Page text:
Sunday, 6 March 2011

A tribute to... Evil Genius

If you have never played Evil Genius here is a quick summary:
  • It's a PC game that was released by Elixir in 2004.
  • Gamespot awarded it 7.3 / 10 and commented on its style over substance and frustrating gameplay.
  • You play the part of an evil genius hellbent on taking over the world. To do so you hire an army of minions, build a base full of facilities for them and send them out across the world to enact various deeds of cunning and malice. All the while the forces of justice try to stop you by infiltration, robbery or sending in the marines.
There are three things about the design of the game that I really love. The first is the fact that you don't control your minions directly. The design of your base and the ability to switch rooms on or off influences them but each one is following its own set of pre - determined instructions. This initially causes frustration when you are under attack and you want to get twenty armed men to a trouble spot but once you get your head around it you learn that the design of your base is everything. I think it would be too easy if you could do the classic 'shift click' on a group and move them to attack a group of enemy soldiers. What you have to do is design a robust security network and ensure that your people can quickly arm themselves and respond to attacks. It's a very different way of looking at things. I recently discovered that the best way to build and defend a base is not something I would ever have come up with - there are some examples of optimal designs on YouTube that exploit the limitations of the enemy AI fully.

The second is the range of room options and minion skills. You don't get a lot of space to build in and there are a vast amount of rooms to cram in. All perform a purpose - if you scrimp on R & R for your staff then they will quickly start deserting. I really like the way it all fits neatly together and that it's easy to chop and change rooms as your needs change. One example is that you will want to keep moving your strongroom where all your cash is stored further and further towards the back of the base so that it's less likely to come under attack. Achieving this is very simple - providing the rest of the base design allows for it. Your men don't have to be told what to 'become' - you simply decide how many scientists or guards you want and they train themselves, leaving you to macro manage the whole operation.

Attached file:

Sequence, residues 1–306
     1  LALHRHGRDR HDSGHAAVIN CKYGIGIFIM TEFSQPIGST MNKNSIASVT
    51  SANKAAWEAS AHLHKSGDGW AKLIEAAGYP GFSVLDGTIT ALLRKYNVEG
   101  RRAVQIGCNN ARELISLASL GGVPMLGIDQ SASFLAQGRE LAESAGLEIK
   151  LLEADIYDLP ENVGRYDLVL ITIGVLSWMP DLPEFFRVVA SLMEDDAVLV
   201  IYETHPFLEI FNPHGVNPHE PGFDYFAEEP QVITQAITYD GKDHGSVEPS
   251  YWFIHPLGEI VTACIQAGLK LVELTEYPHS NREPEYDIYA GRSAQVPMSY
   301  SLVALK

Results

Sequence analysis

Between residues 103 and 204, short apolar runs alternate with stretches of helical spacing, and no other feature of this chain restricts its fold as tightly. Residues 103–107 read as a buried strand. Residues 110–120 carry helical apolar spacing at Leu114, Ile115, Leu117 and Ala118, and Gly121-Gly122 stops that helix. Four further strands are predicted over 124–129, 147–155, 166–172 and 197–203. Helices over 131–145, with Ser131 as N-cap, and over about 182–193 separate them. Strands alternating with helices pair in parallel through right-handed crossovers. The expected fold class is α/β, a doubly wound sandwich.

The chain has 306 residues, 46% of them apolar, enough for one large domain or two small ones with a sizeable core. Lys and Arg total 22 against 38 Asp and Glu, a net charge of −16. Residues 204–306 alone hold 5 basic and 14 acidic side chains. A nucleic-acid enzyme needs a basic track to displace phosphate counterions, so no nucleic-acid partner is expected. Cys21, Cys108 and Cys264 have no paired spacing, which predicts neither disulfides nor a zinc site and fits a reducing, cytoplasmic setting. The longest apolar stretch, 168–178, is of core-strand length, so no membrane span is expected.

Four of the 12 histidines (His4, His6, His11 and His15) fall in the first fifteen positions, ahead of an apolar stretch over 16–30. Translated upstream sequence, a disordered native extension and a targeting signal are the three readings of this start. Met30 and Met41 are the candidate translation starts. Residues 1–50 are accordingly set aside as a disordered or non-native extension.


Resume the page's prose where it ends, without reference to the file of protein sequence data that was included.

The third is the sense of humour. It's all very tongue in cheek, taking inspiration from Austin Powers ("henchman arbitrarily twiddling knobs) and poking fun at spy legends like James Bond (SMERSH has become SMASH). A minion sent to interrogate an unwelcome guest to your island might perform a Michael Jackson routine until the poor soul can't take it any more and gives up his or her secrets. And the audio clips that play every time you complete an Act of Infamy always make me smile - especially the commentator in India who can see a traffic jam ahead caused by a sacred cow and a traffic jam behind caused by, er, his elephant. Not a million miles from Arty Pie in the Simpsons and just as silly. I have read many novels where the blurb swears blind that they are laugh at loud funny and it's not the case. Ditto video games but this one is an exception.

Evil Genius is really well thought out and great fun to play.

Why volunteer?

I read an article on the Guardian website recently that discussed volunteering and how those who volunteer are somehow playing into the hands of David Cameron and his 'big society', even though we may not necessarily agree with the man or his policies. It's typical that I can find plenty of articles on said newspaper website that discuss volunteering except the one that I want so I am unable to reference it. My dissertation advisor would have a cow. This highlights the fact that we're still not nearly as clever as we think we are when it comes to searching data but that's another story.

So why volunteer? I can only speak from personal experience here. But I can hazard a guess that all those who do volunteer at the moment - be it in a charity shop on the high street, or coaching a youth sports team or anything equally applaudable - will be a bit miffed if Mr. Cameron starts taking credit for the way in which they invest their time. I too am a volunteer because I want to be, not because I am responding to the call of the Conservative government. My motivation is probably a little more mercenary than most; I know that being able to show a future employer that I can work on interesting projects outside of my day job is a good thing. My MSc certainly shows this and so does my volunteer work with the International Thai Foundation. Maybe 90 out of 100 people applying for the same job as me can't show this on their CV's which at least gets me on the interview list. Once you're at that stage it's a bit of a lottery (one or more of the panel might not like you) but create enough chances and one will go your way.

So credit where it's due please. It was my idea to volunteer, and my efforts that got me the right volunteering opportunity putting my skills to good use (and learning some new ones too). Nothing at all to do with the Prime Minister.